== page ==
In 2005 we were selected to participate as a Clinical Site by the NINDS in the Neuroprotection Exploratory Trials in Parkinson's Disease initiative (RFA-NS-05-004). We enrolled 46 subjects in the phase 3 trial evaluating creatine 10 gm/day compared with placebo over the period April 2007 through April 2010. One of these subjects, and Hispanic gentleman, moved to Colorado where he was scheduled to continue in the trial at another site. A second subject was withdrawn per study protocol because of renal function at the screening/baseline visit. Six subjects have terminated early from the study, in each case due to worsening medical illness or distance of current residence to the study site. All of the remaining 38 subjects continue in the study and there have been no missed follow-up visits. Performance data provided by the Coordination Center indicate that of the 45 subjects enrolled (not including the subject who moved to Colorado), 100% of forms were received (loaded) with timeliness in 85.8% (ranked 10/50 sites);100% of queries were resolved (closed), timely in 67.9% (third best of 50 sites).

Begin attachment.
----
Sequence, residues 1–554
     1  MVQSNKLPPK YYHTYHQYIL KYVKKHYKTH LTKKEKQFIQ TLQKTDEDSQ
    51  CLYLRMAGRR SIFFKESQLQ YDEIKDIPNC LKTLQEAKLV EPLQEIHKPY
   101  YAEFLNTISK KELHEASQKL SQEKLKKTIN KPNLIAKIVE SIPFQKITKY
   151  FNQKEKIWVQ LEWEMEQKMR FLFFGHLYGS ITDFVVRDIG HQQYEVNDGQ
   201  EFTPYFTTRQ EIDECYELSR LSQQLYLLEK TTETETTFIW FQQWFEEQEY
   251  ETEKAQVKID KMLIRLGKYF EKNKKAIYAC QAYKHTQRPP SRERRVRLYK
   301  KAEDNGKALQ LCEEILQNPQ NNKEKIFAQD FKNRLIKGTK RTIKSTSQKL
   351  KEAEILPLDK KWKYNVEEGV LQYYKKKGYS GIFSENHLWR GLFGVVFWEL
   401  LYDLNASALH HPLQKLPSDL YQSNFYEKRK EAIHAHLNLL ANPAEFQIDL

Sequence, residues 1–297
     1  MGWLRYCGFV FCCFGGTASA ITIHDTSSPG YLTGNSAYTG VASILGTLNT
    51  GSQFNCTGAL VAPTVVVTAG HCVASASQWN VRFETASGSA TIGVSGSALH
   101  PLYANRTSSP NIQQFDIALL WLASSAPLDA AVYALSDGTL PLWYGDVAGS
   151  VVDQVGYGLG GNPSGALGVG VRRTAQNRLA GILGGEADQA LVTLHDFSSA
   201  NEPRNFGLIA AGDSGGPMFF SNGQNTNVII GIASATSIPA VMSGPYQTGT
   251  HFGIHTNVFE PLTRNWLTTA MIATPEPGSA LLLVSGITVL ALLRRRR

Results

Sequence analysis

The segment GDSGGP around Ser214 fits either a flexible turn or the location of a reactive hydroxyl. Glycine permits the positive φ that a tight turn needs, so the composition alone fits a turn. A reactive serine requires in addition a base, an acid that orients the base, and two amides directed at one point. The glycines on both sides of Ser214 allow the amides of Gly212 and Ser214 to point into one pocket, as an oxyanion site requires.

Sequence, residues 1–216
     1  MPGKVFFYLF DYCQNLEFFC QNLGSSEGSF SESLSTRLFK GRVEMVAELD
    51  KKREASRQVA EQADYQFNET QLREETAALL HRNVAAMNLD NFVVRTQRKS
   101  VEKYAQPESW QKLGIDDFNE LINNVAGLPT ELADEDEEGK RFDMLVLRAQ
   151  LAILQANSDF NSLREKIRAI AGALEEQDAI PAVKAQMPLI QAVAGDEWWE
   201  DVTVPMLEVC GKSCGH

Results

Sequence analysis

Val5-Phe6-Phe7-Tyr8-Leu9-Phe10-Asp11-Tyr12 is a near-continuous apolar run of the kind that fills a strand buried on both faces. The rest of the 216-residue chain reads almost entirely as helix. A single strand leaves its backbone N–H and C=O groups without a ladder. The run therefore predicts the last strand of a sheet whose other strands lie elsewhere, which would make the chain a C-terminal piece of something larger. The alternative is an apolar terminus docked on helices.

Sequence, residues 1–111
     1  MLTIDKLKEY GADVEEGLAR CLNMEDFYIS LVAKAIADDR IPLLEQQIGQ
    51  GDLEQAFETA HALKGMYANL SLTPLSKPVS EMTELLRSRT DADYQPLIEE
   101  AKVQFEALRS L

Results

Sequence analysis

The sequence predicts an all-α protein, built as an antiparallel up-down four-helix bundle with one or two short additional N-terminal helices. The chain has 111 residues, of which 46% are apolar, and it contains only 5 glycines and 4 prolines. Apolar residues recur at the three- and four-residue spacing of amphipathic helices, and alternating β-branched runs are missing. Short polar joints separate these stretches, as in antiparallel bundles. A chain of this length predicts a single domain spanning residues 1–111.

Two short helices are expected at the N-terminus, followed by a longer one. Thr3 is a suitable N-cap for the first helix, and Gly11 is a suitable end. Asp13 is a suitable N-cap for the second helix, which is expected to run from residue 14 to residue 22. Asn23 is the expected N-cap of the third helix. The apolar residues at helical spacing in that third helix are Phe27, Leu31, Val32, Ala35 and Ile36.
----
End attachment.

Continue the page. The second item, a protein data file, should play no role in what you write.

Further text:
The Specific Aim of this study is to continue to collaborate, as a clinical center, In the Neuroprotection Exploratory Trials in Parkinson's Disease (NET-PD) initiative. We expect to continue all patient follow-up activities necessary for the successful completion of the creatine trial, and have all of the needed resources and personnel in place to complete this trial successfully. Of the 45 subjects enrolled (not including the Hispanic subject who moved to Colorado), 23 are males, 22 are females. We have enrolled one African-American male and one male who identify himself as both American Indian and White (captured in the Inclusion Enrollment Report as "More Than One Race"). We have also enrolled 5 subjects in the FS-Zone (pioglitazone) futility study, all of whom continue in the study with no missed follow-up visits.
The NET-PD initiative continues to be timely and exciting as, despite the availability of increasingly sophisticated medical and surgical treatments to alleviate many of its symptoms, no treatment has, to date, been definitely proven to slow or arrest the progression of Parkinson's disease.